Underworld

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Underworld

This is fantasy because there are no such things as movie vampires and werewolves. The films feature the battles between vampires and werewolves.

UNDERWORLD - AWAKENING

Kate Beckinsale, star of the first two films, returns in her lead role as the vampire warrioress Selene, who escapes imprisonment to find herself in a world where humans have discovered the existence of both Vampire and Lycan clans, and are conducting an all out war to eradicate both immortal species.

UNDERWORLD - RISE OF THE LYCANS

Michael Sheen and Bill Nighy star in this vampire thriller prequel, the third outing for the 'Underworld' fantasy franchise. The film tells the story of the origins of the centuries-old blood feud between the aristocratic vampires known as Death Dealers and their onetime slaves, the Lycans. In the Dark Ages, young Lycan Lucian (Sheen) emerges as a powerful leader who rallies the werewolves to rise up against Viktor (Nighy), the cruel vampire king who has enslaved them. Lucian is joined by his secret lover, Sonja (Rhona Mitra), in his battle against the Death Dealer army and his struggle for Lycan freedom.

UNDERWORLD - EVOLUTION

Better action, a bit of sex, and gorier R-rated violence make Underworld: Evolution a reasonably satisfying sequel to 2003's surprise hit Underworld. Looking stunning as ever in her black leather battle gear, Kate Beckinsale is every goth guy's fantasy as Selene, the vampire "death dealer" who's now fighting to stop the release of the original "Lycan" werewolf, William (Brian Steele) from the prison that's held him for centuries. As we learn from the film's action-packed prologue, William and his brother Marcus (Tony Curran) began the bloodline of vampires and werewolves, and after witnessing centuries of warfare between them, their immortal father Corvinus (Derek Jacobi) now seeks Selene and the human vampire/lycan hybrid Michael (Scott Speedman) to put an end to the war perpetuated by Victor (Bill Nighy), the vampire warrior whose betrayal of Selene turns Underworld: Evolution into an epic tale of familial revenge. This ambitious attempt at Shakespearean horror is compromised by a script (by Danny McBride and returning director Len Wiseman, Beckinsale's real-life husband) that's more confusing than it needs to be, with too many characters and not enough storytelling detail to flesh them all out. Aspiring to greatness and falling well short of that goal, Underworld: Evolution succeeds instead as a full-throttle action/horror thriller, with enough swordplay, gunplay, and CGI monsters to justify the continuation of the Underworld franchise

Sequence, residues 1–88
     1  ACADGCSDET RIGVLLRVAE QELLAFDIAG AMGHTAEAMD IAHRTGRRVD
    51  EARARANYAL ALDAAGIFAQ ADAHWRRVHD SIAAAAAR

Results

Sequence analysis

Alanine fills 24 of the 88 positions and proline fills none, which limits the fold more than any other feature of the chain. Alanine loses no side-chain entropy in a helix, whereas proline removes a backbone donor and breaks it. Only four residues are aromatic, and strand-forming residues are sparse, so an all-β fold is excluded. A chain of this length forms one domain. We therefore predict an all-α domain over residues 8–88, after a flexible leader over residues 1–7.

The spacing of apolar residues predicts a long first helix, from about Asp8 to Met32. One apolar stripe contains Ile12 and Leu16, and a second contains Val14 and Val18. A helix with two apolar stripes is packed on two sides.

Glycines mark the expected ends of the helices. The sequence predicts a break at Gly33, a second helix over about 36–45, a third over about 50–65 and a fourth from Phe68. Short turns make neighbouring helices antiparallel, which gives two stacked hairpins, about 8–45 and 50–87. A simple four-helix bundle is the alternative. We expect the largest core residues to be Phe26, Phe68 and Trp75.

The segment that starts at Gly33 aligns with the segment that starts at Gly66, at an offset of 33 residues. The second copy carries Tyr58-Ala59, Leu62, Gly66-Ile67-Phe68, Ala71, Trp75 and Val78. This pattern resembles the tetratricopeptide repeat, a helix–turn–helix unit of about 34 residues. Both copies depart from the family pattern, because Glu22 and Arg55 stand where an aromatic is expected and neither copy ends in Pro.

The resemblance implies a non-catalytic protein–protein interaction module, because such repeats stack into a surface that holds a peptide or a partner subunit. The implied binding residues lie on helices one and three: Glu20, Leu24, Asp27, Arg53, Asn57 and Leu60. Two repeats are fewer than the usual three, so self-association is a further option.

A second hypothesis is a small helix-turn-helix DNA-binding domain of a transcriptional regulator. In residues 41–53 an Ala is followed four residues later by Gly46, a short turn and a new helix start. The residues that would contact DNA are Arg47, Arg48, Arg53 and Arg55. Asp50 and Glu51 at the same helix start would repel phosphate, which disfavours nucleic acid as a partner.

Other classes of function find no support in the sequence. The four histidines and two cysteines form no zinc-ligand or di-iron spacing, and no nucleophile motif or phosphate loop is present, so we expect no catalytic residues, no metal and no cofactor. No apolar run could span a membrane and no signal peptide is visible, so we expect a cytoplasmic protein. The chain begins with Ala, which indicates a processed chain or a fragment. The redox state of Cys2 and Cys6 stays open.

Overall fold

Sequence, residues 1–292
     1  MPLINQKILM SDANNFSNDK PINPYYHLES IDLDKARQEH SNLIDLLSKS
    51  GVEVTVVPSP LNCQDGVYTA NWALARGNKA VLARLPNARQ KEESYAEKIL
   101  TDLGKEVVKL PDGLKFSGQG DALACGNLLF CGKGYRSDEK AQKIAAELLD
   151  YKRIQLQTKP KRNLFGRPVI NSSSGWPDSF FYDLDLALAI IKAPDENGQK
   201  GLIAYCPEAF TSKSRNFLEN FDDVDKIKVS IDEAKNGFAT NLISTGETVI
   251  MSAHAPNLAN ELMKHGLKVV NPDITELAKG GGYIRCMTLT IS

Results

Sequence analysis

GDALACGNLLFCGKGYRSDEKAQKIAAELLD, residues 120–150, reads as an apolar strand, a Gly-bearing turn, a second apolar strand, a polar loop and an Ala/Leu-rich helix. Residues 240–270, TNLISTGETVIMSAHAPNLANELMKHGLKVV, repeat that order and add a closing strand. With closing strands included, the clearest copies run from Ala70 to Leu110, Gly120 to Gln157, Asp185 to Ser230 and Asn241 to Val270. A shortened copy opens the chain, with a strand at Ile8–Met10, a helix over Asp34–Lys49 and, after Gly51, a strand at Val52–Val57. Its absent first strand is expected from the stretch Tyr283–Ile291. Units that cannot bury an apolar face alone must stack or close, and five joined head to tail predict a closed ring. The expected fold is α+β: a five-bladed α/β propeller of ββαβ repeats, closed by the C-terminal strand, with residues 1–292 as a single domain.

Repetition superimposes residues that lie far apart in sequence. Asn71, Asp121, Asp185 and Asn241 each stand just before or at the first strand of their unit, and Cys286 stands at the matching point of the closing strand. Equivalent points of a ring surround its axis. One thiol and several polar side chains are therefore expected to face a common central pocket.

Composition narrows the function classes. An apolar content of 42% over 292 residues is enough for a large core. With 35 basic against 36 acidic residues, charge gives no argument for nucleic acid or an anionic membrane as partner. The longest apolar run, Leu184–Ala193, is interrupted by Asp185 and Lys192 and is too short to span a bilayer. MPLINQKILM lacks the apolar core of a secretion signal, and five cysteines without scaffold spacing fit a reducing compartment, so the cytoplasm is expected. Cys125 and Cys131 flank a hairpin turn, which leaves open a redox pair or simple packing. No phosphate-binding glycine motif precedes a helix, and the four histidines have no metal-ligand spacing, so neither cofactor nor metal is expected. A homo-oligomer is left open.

UNDERWORLD

Underworld is a hybrid thriller that rewrites the rulebook on werewolves and vampires--imagine Blade meets The Crow and The Matrix. It's a "cuisinart" movie--blend a lot of familiar ideas and hope something interesting happens--in which immortal vampire "death dealers" wage an ancient war against "Lycans", who've got centuries of revenge--and some rather ambitious genetic experiments--on their lycanthropic agenda. Given his preoccupation with gloomy architecture, frenetic mayhem and Gothic costuming, it's no surprise that first-time director Len Wiseman gained experience in TV commercials and the art departments of Godzilla, Men in Black and Independence Day. His work is all surface, no substance, filled with derivative, grand-scale action as conflicted vampire Selene struggles to rescue an ill-fated human from Lycan transformation. It's great looking all the way, and a guaranteed treat for horror buffs, who will eagerly dissect its many strengths and weaknesses.